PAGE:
Racism Can Make You Sick

A Harvard sociologist says that racial minorities who live in race-conscious societies get sick at younger ages, have more severe illnesses and die sooner than whites. 

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The Rev. Al Sharpton leads a march in 2010 to commemorate Dr. King's "I Have a Dream" speech (T.J. Kirkpatrick/Getty Images)

As if people of color didn't already have enough to worry about, now Harvard sociologist David Williams says that racial minorities who live in race-conscious societies get sick at younger ages, have more severe illnesses and die sooner than whites, according to Psychology Today.

Williams was one of several presenters at a conference last week in Caux, Switzerland, where more than 200 people gathered from nearly 40 countries to learn about the impact of race and racism on people's lives, writes Psychology Today's Mikahail Lyubansky, Ph.D. The full conference program is available here.

Racial health disparities are not new but most of us don't really know the specifics, possibly because there is relatively little discussion of this both in the media and among health care providers. The data in race-conscious societies are bleak. Not only in the United States, but also in Australia, Brazil, New Zealand, South Africa, and the U.K., non-dominant racial groups have significantly worse health outcomes than the dominant racial group.

The pattern is consis[t]ent. According to Williams, in race-conscious societies, racial minorities get sick at younger ages, have more severe illness, and die sooner than Whites.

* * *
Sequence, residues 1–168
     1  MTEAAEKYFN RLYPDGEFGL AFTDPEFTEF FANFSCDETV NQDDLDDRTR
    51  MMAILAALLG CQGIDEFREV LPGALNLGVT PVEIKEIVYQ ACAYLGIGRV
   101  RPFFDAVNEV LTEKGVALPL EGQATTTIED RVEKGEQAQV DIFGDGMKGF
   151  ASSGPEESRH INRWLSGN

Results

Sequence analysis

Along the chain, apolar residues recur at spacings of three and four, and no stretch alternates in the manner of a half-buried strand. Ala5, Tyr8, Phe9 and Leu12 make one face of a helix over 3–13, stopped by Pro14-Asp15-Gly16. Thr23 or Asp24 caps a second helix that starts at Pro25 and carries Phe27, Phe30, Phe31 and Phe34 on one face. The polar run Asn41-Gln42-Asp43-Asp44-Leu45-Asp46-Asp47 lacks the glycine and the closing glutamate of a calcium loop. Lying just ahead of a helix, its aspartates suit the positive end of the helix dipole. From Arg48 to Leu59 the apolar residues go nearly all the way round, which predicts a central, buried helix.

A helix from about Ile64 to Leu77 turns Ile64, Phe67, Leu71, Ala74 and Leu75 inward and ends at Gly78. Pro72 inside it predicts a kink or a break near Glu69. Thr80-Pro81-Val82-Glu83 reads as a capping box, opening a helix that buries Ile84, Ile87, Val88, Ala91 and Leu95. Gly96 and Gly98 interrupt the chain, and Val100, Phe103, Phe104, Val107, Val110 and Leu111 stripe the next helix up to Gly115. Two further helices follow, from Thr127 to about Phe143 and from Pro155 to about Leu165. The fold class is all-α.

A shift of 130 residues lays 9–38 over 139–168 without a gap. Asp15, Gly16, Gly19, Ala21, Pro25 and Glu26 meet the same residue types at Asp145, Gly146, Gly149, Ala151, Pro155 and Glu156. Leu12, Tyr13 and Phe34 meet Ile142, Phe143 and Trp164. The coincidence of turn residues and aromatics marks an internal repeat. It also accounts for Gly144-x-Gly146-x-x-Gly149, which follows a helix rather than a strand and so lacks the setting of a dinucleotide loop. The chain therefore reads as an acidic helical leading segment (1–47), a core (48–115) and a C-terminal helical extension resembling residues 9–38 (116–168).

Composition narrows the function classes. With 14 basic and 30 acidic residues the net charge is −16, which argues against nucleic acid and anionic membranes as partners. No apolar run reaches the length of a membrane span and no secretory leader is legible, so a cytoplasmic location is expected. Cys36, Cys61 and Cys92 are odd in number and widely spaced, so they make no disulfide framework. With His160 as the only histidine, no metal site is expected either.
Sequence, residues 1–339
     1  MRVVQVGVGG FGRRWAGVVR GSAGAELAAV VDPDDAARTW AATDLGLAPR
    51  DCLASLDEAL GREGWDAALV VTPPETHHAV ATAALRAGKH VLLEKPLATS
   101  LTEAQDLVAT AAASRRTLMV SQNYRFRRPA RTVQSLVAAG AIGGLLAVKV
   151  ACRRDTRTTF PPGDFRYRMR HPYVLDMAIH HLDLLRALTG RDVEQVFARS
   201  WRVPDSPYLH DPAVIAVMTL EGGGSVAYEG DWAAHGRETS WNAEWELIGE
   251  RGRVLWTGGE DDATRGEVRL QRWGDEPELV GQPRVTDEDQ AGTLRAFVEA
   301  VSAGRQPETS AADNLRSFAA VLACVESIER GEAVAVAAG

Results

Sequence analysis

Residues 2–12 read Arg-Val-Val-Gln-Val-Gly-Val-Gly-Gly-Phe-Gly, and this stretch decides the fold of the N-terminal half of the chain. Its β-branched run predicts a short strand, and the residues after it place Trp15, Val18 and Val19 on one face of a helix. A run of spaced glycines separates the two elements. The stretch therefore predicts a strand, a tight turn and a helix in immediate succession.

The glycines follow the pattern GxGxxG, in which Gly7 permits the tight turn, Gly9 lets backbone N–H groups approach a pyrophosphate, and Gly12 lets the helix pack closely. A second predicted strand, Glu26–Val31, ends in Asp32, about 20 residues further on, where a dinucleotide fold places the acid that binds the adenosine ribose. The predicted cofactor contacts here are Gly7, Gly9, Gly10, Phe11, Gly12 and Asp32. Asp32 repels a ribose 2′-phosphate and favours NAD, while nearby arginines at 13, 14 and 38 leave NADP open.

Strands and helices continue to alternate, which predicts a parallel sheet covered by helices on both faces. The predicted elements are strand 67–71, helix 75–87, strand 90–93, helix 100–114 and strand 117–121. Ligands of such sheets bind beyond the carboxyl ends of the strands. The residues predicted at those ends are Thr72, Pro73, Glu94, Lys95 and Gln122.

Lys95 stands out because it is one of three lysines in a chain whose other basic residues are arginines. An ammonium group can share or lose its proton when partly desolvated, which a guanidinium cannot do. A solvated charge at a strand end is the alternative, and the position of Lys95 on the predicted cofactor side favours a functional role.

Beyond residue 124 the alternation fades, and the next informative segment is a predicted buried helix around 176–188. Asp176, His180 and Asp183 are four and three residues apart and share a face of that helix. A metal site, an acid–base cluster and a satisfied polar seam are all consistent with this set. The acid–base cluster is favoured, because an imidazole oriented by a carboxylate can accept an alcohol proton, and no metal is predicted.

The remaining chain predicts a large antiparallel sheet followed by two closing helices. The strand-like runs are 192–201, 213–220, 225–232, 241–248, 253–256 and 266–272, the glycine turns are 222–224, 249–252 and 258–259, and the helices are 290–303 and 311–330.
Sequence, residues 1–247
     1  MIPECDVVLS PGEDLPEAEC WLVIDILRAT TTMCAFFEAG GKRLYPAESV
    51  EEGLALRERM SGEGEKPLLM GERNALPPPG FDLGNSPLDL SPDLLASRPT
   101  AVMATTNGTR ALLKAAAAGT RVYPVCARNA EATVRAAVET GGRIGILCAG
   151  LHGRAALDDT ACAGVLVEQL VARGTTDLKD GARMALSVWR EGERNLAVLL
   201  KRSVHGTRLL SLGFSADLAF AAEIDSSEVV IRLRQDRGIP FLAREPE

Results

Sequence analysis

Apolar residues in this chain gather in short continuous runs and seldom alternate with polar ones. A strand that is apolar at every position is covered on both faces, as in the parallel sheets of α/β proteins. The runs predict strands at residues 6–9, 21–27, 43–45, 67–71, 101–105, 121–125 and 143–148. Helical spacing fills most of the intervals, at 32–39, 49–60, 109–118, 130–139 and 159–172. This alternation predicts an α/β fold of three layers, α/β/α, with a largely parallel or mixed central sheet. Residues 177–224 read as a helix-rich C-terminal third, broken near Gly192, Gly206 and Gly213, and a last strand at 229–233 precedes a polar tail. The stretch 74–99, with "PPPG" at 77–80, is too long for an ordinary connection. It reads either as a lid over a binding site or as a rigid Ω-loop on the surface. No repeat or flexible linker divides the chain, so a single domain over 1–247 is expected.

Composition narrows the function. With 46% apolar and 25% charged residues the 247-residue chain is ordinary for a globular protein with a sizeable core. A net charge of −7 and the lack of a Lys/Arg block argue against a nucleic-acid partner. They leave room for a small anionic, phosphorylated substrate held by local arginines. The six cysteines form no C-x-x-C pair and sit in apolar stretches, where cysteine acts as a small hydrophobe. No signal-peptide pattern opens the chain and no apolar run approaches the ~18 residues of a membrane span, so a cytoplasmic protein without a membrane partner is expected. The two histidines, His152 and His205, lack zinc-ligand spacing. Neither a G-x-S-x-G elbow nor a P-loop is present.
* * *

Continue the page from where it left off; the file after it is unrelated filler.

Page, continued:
In New Zealand, Canada, and the United Statesm(sic.) indigenous men have a life expectancy that is 7 years less than the male average in their respective country. In Australia, the gap is 21 years (Bramley et al, 2004).

Life expectancy is obviously a meaningful outcome, but it is also a rather nebulous one. It's possible to get much more specific.  There are 10 different biomarkers associated with aging and stress. These include systolic blood pressure, diastolic blood pressure, body mass index, glycated hemoglobin, albumin, creatinine clearance, triglycerides, c-reactive protein, homocysteine, and total cholesteral. Together these comprise the Allostatic Load, the cumulative "wear and tear on the body" that occurs when individuals are exposed to repeated or chronic stress. Geronimus et al., AJPH, 2006 found significant Black-White differences in Allostatic Load in every age category, including 18-24-year-olds where Blacks scored almost 50% higher (White mean=1.1, Black mean=1.6).

Read more at Psychology Today.

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